Benefits from the state and destitution

Unheard Voices has teamed up with a number of leading asylum and migration organisations to find the answers to frequently asked questions about asylum, refugees and the immigration system in the UK and the world. 

Can asylum seekers claim benefits from the state?

Asylum seekers are not allowed to work, except in very rare circumstances. Asylum seekers who have not yet had a decision on their claim generally receive accommodation and financial support set at about two-thirds the level of income support if, otherwise, they would be destitute (Section 95 support).

In 2011, a single adult in this situation would receive £36.62 per week. This support is normally terminated soon after a decision (positive or negative) is made on the claim. In the second quarter of 2011 there were 20,855 people (excluding dependants) receiving Section 95 support.

Refused asylum seekers who are destitute can apply for ‘Section 4 support’. The criteria for Section 4 support is very strict and includes taking steps to ‘voluntarily’ leave the country and having permission to proceed with a judicial review of the asylum decision.

In 2011, people on Section 4 support received accommodation and a payment card valued at £35.39 per week. In the second quarter of 2011 there were 2,461 people (excluding dependants) receiving Section 4 support.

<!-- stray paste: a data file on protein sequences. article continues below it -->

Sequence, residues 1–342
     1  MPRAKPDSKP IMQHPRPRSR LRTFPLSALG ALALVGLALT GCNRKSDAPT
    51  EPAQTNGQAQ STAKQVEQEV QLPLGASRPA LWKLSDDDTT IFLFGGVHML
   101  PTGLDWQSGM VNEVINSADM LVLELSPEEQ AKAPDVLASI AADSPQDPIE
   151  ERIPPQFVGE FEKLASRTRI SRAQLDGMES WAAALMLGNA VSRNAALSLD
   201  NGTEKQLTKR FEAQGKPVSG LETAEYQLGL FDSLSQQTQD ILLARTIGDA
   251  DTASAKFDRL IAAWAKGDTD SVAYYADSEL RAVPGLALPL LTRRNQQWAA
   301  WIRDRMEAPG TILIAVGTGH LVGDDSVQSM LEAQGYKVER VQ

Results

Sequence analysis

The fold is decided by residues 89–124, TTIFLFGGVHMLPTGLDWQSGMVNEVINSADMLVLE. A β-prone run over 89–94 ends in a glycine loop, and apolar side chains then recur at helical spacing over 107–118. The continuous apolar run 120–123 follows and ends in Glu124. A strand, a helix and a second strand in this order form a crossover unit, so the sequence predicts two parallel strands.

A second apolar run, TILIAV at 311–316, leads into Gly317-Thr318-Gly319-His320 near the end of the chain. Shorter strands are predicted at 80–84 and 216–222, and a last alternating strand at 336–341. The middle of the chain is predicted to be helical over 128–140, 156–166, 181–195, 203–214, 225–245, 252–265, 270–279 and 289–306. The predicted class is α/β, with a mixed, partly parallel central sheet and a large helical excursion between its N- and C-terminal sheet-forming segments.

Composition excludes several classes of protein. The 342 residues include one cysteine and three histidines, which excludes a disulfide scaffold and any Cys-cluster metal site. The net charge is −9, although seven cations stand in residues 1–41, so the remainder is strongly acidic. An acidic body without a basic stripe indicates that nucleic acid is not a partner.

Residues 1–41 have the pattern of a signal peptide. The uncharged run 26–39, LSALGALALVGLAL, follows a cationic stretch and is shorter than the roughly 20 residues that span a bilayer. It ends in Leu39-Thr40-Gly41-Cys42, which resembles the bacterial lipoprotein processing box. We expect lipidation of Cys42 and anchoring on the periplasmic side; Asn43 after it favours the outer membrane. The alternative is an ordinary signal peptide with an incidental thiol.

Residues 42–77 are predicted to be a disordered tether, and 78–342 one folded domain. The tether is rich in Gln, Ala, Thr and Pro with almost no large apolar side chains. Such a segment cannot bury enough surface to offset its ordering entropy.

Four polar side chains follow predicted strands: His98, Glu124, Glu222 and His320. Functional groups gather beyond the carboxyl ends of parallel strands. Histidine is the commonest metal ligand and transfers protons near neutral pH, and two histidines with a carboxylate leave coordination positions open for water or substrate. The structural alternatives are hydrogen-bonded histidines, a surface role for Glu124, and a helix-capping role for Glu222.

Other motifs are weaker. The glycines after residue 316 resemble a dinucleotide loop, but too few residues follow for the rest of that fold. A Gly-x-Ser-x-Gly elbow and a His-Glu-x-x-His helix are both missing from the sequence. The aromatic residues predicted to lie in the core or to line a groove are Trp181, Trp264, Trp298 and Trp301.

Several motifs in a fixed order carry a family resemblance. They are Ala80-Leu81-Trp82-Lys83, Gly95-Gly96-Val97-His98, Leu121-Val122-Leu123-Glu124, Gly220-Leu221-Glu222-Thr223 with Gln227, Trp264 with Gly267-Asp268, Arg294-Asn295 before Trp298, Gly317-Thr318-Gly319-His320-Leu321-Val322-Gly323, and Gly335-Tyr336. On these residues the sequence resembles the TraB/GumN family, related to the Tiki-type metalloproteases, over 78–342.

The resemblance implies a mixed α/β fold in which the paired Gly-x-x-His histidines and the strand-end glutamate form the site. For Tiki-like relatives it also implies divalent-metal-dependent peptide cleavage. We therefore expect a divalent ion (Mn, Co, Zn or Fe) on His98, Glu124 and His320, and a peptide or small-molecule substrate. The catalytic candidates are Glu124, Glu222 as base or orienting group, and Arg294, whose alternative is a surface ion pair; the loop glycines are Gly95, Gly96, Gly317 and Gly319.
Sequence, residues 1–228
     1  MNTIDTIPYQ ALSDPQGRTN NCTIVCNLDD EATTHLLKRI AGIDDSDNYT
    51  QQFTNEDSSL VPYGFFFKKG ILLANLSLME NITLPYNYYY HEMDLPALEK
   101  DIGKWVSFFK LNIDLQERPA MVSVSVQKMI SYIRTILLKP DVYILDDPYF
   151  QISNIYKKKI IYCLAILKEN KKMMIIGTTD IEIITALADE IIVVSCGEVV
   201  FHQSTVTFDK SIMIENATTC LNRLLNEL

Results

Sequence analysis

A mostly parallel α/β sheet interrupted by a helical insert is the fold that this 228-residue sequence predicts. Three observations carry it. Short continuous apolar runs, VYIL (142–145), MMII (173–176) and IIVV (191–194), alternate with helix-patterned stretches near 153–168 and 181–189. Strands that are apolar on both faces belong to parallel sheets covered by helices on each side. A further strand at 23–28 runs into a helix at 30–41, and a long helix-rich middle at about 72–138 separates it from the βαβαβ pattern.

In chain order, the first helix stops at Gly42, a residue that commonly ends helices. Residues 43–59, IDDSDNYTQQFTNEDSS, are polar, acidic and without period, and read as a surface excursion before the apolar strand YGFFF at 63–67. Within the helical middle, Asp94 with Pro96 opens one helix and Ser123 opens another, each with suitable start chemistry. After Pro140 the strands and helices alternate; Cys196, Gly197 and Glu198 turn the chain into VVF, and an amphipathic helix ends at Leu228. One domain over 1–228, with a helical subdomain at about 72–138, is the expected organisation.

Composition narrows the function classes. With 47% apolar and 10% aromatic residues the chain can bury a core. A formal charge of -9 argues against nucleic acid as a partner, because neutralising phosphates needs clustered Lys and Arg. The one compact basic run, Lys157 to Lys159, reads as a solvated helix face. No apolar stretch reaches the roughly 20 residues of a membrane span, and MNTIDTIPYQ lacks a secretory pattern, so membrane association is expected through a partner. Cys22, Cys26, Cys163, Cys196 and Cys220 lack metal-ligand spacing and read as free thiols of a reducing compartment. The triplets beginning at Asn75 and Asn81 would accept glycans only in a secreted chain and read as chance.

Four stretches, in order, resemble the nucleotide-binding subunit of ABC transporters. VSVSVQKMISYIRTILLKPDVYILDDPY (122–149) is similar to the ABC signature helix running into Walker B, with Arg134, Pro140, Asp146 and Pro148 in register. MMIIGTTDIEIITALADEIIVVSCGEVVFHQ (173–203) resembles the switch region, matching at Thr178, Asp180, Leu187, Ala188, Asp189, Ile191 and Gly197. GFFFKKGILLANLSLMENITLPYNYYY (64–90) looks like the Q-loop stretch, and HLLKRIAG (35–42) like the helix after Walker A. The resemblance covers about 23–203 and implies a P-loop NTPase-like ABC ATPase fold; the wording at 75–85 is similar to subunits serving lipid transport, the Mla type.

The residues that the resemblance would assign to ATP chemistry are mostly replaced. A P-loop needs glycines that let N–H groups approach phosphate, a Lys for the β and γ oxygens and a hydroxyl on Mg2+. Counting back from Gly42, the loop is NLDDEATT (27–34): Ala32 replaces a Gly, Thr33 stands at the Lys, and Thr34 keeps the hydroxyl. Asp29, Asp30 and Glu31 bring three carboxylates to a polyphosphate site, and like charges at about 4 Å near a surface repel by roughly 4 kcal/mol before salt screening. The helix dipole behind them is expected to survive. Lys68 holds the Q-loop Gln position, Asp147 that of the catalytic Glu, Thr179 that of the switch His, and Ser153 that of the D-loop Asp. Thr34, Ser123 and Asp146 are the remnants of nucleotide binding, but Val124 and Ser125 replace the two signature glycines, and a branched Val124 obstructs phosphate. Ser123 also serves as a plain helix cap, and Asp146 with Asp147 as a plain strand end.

Why are some asylum seekers homeless?

Many asylum seekers experience destitution. Some do so because of administrative errors relating to the receipt of support; but the vast majority do so as a result of the withdrawal of support after a claim for asylum has been refused. There are no accurate statistics on the number of destitute asylum seekers in the UK. But in 2007 it was estimated that there could be over 500,000 refused asylum seekers in the UK.

Information from Asylum Statistics, Institute of Race Relations

Find out more about why asylum seekers come to the UK and what countries have the most asylum seekers and refugees here

About The Author

Multimedia Web & Video Journalist

I am a Multimedia Web and Video Journalist, enthusiastic mountain biker and lover of nature. I am passionate about communication and its power to improve a person's life. My dream is to expose injustice and give a voice to those who are largely ignored. I am the senior video journalist and director at multimedia production company Humbledinger, which I run with my husband, filmmaker Joe Bream. Joe and I spend our 'free' time making short documentaries and films that will give a voice to those who cannot speak for themselves.

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